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Microsoft forgot to update this Windows feature for 30 years

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On a Thursday morning nearly 30 years ago at Microsoft’s headquarters in Redmond, a software developer checked-in some code for a dialog box he was working on. The box was only supposed to be temporary, so he didn’t worry that it was very basic. Except, nobody ever got around to changing it — and it’s still the same to this day in Windows 11.

Dave Plummer, a former developer at Microsoft, recounted the interesting tale of how the Format drive dialog box was created all those years ago in a post on X over the weekend.

“We were porting the bajillion lines of code from the Windows 95 user interface over to NT, and Format was just one of those areas where Windows NT was different enough from Windows 95 that we had to come up with some custom UI,” says Plummer. “I got out a piece of paper and wrote down all the options and choices you could make with respect to formatting a disk, like filesystem, label, cluster size, compression, encryption, and so on.”

Plummer then created a basic UI that he added to the Windows NT codebase as a temporary solution “until the elegant UI arrived.” That UI improvement never came, and nearly 30 years later, Plummer’s temporary solution is still in use in Windows 11 today.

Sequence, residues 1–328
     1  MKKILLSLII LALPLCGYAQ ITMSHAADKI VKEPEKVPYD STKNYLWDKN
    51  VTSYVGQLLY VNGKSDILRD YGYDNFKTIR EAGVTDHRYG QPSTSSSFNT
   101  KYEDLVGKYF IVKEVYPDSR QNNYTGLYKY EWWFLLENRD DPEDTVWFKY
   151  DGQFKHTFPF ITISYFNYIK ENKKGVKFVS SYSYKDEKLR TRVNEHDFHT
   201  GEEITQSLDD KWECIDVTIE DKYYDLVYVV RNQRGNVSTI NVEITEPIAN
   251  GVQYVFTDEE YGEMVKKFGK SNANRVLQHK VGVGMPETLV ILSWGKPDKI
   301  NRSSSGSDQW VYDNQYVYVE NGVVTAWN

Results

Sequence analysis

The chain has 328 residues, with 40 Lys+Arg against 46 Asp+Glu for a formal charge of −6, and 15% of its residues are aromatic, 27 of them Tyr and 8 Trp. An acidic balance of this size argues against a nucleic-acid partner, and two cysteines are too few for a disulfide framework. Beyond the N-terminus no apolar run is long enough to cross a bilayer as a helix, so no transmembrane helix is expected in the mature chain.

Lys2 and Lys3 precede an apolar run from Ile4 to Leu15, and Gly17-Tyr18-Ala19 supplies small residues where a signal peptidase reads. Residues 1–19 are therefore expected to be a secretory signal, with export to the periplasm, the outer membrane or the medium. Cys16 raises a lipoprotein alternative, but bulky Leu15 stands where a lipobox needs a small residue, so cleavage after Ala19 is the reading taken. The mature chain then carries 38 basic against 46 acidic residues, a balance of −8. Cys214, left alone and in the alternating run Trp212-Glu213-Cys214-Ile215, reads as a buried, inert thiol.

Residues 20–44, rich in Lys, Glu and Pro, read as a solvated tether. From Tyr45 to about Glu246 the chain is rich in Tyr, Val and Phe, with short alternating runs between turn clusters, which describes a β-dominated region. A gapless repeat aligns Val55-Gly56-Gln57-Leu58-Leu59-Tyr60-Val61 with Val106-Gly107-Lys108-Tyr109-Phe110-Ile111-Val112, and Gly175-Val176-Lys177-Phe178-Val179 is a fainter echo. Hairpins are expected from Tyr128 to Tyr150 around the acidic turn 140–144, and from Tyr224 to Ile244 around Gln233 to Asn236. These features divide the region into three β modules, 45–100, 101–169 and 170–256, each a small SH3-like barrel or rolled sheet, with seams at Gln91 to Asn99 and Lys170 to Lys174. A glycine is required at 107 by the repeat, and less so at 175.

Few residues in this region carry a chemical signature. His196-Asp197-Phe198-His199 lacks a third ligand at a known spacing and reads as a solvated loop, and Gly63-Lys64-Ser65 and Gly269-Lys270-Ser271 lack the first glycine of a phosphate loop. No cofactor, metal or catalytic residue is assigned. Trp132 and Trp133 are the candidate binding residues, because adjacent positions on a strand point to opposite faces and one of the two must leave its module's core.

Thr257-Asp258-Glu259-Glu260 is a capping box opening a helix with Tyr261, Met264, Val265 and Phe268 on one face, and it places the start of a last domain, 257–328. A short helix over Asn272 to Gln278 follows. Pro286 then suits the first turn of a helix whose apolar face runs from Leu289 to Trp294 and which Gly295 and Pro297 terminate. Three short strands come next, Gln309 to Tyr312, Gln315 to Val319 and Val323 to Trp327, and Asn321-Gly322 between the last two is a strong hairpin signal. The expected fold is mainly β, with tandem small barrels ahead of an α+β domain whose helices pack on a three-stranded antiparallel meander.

If you’re wondering why the format size of a FAT volume in Windows is limited to just 32GB, this might have been partly down to Plummer, too. “I also had to decide how much ‘cluster slack’ would be too much, and that wound up constraining the format size of a FAT volume to 32GB,” admits Plummer. “That limit was also an arbitrary choice that morning, and one that has stuck with us as a permanent side effect.” FAT actually supports volumes of up to 2TB, but you’ll need to use a third-party tool in Windows to create this volume, even if Microsoft’s OS does correctly read these larger FAT drives.

Despite several overhauls to the Windows UI, Microsoft hasn’t touched the Format dialog box since its introduction in Windows NT all those years ago. There’s still a fair amount of other old Windows UI that you can surface in the latest versions of Windows, but I’m guessing that this particular Format one is a simple case of “if it ain’t broke, don’t fix it.”





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